Villeret Tower, locally known as Donjon de Villeret, lies on a hill near the village of Saint-Martin, in the province of Namur in the Wallonia region in Belgium.
Villeret Tower was built in the first half of the 13th century by Ybert de Villeret, a vassal of the Count of Namur. It was built on the southern slope of the valley of the Ligne stream and was mainly used as a watchtower as it was located on the border of the County of Namur with the Duchy of Brabant. It defended Namur together with the nearby castles of Falnuée and Mielmont.
The tower was built out of sandstone and limestone and had three levels connected through wall staircases and was protected by a dry moat.
At the time of the War of the Cow (1274-1277) subjects of the Prince-Bishop of Liège were imprisoned here. The tower lost its military function with the arrival of Philippe the Good as the Count of Namur.
Between 1449 and 1494 the complex was enlarged with several outbuildings such as a farm with barns and stables and a baker’s oven. It became a walled enclosure known as “Haute Tour”, which translates to High Tower.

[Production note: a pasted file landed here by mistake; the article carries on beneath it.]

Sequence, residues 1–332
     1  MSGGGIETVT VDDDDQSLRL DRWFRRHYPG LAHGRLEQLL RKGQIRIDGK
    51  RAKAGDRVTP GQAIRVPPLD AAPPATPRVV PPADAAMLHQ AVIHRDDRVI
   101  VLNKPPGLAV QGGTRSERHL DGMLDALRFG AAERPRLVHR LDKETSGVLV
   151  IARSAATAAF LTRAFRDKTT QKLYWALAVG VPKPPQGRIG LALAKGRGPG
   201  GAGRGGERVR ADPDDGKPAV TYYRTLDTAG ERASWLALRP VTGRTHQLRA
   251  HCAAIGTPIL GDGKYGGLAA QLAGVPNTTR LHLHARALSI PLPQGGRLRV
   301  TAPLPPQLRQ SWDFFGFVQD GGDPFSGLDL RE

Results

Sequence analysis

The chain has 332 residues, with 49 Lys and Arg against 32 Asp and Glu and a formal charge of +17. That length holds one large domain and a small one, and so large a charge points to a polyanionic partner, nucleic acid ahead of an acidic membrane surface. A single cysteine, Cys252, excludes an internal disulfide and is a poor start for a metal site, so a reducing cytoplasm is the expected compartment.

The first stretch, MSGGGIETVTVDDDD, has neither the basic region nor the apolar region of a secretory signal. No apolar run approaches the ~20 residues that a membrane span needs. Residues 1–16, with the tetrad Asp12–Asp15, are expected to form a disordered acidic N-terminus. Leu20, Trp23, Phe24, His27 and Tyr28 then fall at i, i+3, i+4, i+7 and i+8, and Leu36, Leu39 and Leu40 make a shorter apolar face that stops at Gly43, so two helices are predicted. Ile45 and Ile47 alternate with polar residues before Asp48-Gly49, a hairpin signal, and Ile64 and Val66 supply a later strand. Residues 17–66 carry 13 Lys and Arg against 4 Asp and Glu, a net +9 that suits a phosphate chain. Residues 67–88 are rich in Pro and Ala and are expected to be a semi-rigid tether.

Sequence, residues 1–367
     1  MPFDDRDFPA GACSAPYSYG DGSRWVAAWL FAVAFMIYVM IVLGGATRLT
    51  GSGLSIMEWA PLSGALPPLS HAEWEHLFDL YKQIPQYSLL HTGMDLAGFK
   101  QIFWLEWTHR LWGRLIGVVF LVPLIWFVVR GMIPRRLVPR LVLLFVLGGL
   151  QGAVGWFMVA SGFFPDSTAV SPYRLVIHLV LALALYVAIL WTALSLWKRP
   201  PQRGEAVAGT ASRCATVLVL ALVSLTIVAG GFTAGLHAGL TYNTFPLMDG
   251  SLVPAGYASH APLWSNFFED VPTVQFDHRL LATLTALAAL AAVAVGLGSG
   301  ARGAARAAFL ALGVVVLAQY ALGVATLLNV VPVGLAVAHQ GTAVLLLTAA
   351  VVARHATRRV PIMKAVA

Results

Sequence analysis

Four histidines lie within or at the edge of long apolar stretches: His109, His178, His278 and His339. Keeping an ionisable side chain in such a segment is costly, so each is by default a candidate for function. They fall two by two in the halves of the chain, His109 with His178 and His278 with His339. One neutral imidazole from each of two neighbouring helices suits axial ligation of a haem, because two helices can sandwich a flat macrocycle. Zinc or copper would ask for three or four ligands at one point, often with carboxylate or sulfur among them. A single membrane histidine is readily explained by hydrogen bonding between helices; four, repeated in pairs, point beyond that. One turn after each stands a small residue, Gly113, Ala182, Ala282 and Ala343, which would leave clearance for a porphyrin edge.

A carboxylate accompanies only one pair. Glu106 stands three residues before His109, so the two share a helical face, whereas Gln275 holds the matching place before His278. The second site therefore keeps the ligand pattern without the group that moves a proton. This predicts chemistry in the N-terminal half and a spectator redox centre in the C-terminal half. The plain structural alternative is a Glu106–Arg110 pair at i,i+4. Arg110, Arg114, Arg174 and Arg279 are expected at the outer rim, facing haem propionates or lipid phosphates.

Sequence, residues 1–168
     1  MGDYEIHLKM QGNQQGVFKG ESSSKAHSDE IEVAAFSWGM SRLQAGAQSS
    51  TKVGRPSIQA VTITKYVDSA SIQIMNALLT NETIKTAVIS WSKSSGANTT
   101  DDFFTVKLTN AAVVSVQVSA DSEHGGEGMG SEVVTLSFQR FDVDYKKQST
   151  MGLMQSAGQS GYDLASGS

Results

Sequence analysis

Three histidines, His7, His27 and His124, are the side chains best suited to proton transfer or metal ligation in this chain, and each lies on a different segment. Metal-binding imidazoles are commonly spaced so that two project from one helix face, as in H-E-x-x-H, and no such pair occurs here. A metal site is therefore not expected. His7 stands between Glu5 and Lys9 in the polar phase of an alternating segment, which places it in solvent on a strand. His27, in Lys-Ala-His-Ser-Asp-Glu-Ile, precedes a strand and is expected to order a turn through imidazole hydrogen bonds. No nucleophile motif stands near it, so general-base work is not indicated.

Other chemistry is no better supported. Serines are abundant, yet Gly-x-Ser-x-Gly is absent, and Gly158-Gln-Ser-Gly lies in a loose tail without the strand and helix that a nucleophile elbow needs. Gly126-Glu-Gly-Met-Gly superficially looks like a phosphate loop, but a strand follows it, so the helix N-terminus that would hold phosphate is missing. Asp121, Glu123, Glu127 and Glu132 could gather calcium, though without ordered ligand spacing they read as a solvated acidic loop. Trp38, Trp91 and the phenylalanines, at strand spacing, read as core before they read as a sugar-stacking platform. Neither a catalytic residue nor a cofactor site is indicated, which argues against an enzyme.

Between 1524 and 1857 the complex was used as the residence of some kind of administrator called a ‘censier’ in French. I couldn’t find a translation for this word, so if anyone can tell me what it means; please mail me!
At the beginning of the 20th century the tower and its outbuildings were in a very ruinous state. The tower itself was used as a cattle shed. At the end of the 20th century the castle was bought by an individual. The tower was subject of a restoration campaign intended to make it suitable for habitation again. There are also plans to build new structures next to the castle.
When I visited it seemed that the forementioned campaign only consolidated the tower. No new structures were build. The outbuildings still are in ruin and very much overgrown. There only was a deep hole next to the tower; perhaps for the intended swimming pool? Let’s hope that no new structures are ever build because it would ruin the present peaceful atmosphere in my opinion. The tower itself can’t be visited; its entrances are walled up. The terrain surrounding the tower is freely accessible.